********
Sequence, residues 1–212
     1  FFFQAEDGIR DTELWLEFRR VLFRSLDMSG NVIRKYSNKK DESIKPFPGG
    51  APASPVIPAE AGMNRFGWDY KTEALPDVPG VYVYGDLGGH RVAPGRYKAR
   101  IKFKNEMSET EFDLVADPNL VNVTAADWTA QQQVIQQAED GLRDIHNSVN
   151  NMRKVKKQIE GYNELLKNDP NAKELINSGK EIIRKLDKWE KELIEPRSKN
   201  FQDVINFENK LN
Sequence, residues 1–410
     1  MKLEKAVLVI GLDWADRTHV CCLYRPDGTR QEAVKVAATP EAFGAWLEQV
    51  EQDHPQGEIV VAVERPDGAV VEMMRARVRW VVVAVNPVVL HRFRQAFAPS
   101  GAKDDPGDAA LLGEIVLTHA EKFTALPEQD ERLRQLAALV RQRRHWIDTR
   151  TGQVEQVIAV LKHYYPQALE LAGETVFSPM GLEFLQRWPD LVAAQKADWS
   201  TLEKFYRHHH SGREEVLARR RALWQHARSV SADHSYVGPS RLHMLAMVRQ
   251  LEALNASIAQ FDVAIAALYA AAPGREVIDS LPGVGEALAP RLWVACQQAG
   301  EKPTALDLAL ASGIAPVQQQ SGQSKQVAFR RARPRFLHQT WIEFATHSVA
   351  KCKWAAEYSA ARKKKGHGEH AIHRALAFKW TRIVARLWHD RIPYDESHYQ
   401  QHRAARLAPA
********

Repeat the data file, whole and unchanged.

Sequence, residues 1–212
     1  FFFQAEDGIR DTELWLEFRR VLFRSLDMSG NVIRKYSNKK DESIKPFPGG
    51  APASPVIPAE AGMNRFGWDY KTEALPDVPG VYVYGDLGGH RVAPGRYKAR
   101  IKFKNEMSET EFDLVADPNL VNVTAADWTA QQQVIQQAED GLRDIHNSVN
   151  NMRKVKKQIE GYNELLKNDP NAKELINSGK EIIRKLDKWE KELIEPRSKN
   201  FQDVINFENK LN
Sequence, residues 1–410
     1  MKLEKAVLVI GLDWADRTHV CCLYRPDGTR QEAVKVAATP EAFGAWLEQV
    51  EQDHPQGEIV VAVERPDGAV VEMMRARVRW VVVAVNPVVL HRFRQAFAPS
   101  GAKDDPGDAA LLGEIVLTHA EKFTALPEQD ERLRQLAALV RQRRHWIDTR
   151  TGQVEQVIAV LKHYYPQALE LAGETVFSPM GLEFLQRWPD LVAAQKADWS
   201  TLEKFYRHHH SGREEVLARR RALWQHARSV SADHSYVGPS RLHMLAMVRQ
   251  LEALNASIAQ FDVAIAALYA AAPGREVIDS LPGVGEALAP RLWVACQQAG
   301  EKPTALDLAL ASGIAPVQQQ SGQSKQVAFR RARPRFLHQT WIEFATHSVA
   351  KCKWAAEYSA ARKKKGHGEH AIHRALAFKW TRIVARLWHD RIPYDESHYQ
   401  QHRAARLAPA